Thursday 18 October 2018

It's fine to have a dream course, but give yourself plenty of choice on your CAO form

Going to College

(Stock photo)
(Stock photo)

Aoife Walsh

All sixth year students should now be in the thick of CAO research, at times, an overwhelming task. In my opinion, it is not the students who tell me they do not know what they want to do in college who I am most concerned about at this time of year. It is the student who comes with one perfect course who often causes me the most professional worry.

While it is a wonderful thing to meet a young person who has a passion, and who has identified their direction for future study, students who are overly rigid about their career goals and course choices can find this hampers their research. A student may feel they have found their dream course, but no CAO form should be submitted with just one choice. So, once the dream course is found, it is important to park it and get on with the task of researching. This course should not be allowed to prevent the identification of the other choices that can be listed.

Every CAO form can be submitted with up to 20 courses listed - 10 at Level 8 and another 10 Level 7/6. Applicants should endeavour to enter as many courses on their application as possible. The CAO can only offer places on courses that have been listed on the form. If an applicant receivea an offer they would prefer not to take, they may turn it down.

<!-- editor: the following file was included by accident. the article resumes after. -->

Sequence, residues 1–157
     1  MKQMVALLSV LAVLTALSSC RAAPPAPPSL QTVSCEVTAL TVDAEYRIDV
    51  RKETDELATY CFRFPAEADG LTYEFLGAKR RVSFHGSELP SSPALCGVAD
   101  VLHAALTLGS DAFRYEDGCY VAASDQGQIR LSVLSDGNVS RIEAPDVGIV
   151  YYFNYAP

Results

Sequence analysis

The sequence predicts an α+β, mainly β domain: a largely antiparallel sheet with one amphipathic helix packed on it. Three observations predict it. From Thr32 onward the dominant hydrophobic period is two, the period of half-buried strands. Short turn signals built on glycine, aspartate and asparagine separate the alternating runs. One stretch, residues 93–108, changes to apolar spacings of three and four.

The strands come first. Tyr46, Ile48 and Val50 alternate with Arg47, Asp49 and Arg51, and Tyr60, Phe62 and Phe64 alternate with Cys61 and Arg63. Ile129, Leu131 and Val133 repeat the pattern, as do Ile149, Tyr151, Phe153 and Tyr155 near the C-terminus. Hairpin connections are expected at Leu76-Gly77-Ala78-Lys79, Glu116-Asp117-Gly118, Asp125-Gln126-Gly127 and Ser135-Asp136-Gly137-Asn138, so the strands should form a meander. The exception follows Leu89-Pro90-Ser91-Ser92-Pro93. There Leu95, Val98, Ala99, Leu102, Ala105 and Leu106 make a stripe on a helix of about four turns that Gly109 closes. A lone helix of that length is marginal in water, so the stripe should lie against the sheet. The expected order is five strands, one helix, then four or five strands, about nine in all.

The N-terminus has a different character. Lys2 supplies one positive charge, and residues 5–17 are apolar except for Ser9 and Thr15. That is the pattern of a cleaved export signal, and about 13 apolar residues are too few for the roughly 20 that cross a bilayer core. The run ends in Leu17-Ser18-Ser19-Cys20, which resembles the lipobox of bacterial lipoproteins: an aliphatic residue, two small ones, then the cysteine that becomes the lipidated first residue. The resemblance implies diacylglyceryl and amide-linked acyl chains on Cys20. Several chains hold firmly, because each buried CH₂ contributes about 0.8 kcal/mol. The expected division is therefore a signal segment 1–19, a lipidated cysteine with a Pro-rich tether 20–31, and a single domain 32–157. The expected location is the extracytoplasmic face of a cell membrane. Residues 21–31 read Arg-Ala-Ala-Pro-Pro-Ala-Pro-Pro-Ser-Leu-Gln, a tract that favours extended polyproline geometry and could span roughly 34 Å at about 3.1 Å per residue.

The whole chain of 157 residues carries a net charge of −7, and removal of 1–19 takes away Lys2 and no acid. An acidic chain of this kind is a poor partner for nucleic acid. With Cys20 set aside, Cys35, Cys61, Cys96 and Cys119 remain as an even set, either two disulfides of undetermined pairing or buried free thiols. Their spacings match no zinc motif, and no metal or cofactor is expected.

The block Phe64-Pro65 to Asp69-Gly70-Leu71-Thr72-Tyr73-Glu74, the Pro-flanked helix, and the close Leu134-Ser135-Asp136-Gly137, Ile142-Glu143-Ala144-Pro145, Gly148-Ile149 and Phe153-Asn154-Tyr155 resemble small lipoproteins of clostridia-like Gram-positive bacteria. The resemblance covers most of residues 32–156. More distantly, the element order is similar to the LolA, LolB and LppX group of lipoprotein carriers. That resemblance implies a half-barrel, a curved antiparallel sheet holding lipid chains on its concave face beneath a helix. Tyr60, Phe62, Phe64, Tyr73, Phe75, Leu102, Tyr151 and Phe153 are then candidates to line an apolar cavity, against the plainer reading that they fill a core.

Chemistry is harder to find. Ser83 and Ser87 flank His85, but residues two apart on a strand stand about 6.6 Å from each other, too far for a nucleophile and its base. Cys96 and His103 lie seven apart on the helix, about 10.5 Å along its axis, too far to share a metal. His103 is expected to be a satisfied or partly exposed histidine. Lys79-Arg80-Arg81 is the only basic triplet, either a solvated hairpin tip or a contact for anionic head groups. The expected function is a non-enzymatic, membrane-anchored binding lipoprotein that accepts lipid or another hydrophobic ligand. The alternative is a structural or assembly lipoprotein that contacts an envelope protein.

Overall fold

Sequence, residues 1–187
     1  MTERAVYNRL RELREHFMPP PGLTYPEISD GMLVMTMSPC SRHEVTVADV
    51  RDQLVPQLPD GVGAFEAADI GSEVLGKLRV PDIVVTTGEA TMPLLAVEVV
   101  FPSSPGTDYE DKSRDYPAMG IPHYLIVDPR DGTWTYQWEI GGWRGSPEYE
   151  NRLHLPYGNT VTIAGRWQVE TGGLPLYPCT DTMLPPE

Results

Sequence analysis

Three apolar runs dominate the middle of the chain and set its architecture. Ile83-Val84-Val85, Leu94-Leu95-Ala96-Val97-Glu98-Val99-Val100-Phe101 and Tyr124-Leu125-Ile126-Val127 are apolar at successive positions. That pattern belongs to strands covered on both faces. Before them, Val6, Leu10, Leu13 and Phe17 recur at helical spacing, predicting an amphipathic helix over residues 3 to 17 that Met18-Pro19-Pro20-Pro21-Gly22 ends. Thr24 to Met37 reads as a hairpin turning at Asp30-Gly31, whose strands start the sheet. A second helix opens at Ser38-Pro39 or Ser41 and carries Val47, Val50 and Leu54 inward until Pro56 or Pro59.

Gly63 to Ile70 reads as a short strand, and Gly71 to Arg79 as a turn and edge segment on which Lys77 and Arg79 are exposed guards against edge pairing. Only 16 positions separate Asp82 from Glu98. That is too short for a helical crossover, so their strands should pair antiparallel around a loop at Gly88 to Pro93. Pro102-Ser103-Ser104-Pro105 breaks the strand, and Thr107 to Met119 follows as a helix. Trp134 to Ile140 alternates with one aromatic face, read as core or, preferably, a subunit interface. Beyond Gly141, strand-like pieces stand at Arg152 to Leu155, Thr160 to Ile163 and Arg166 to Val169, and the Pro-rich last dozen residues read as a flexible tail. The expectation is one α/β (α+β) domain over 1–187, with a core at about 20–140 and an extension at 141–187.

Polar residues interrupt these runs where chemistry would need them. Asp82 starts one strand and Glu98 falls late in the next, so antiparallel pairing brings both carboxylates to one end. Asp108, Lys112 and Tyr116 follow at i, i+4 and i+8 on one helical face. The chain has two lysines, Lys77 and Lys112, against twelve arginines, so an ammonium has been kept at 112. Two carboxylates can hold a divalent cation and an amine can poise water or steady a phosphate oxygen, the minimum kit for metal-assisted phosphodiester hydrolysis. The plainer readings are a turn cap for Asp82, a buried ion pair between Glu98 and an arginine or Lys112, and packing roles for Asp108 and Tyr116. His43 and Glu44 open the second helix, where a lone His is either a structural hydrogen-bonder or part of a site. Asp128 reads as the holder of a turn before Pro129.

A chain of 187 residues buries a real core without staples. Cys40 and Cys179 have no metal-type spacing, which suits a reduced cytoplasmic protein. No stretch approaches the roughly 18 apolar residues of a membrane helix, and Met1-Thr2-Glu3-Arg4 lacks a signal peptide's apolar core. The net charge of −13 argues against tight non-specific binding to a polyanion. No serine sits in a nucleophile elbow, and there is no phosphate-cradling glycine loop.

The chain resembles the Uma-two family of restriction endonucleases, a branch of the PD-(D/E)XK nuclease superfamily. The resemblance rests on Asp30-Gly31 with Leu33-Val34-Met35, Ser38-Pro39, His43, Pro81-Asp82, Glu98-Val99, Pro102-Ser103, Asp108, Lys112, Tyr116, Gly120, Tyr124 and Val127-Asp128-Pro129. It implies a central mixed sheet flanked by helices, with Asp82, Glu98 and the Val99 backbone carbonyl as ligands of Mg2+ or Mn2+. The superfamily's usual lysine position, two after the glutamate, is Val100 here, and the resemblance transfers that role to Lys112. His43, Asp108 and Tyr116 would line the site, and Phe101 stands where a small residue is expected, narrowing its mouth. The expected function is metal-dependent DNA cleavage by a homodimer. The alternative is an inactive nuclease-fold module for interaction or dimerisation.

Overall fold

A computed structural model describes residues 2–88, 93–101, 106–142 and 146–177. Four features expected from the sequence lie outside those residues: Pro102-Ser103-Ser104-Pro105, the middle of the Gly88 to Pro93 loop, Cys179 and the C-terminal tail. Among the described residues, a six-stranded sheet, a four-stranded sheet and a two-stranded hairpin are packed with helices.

At this time of year, I advise my students to avoid looking for the perfect course. For many, this does not exist and leads students to focus on the negative aspects rather than the many positives. Instead we strive to find as many 'maybe courses' as possible. It is always easier have 30 'maybe' courses, which can be reduced later, than having too few to consider.

By completing the form in this way, we also minimise the potential disappointment for come August. Yes, an applicant may have a preference for one course and may be disappointed if they do not receive a place for this course, however they can clearly see the positives of each course listed and how it will help them achieve their career goals. There are always many paths to the same destination.

When researching 'maybe' courses applicants may consider the following questions:

l what do I like about this course and college?

l how might this course assist me in achieving my careers goals?

l does this course help me access the degree/master's that I will enjoy and help me achieve my career goals?

l what transferable skills might I develop?

l what other elements, such as sport, scholarships, clubs, might I enjoy at this college?

Once a student comes across a 'maybe' course, they should mark it in the prospectus, print it and keep them all print-outs in one folder. Students can use post-its to jot questions or thoughts on to the course descriptions and keep them for later. There is a lot of reading to do and students are able to make CAO changes until July 2018. It will be important to remember then all the details of the research that is being completed now.

Keeping an open mind and excellent records will result in less stress during this busy time. This will allow applicants to be more decisive as the February 1 deadline approaches.

Aoife Walsh is a guidance counsellor at Malahide Community School, Co Dublin

Irish Independent

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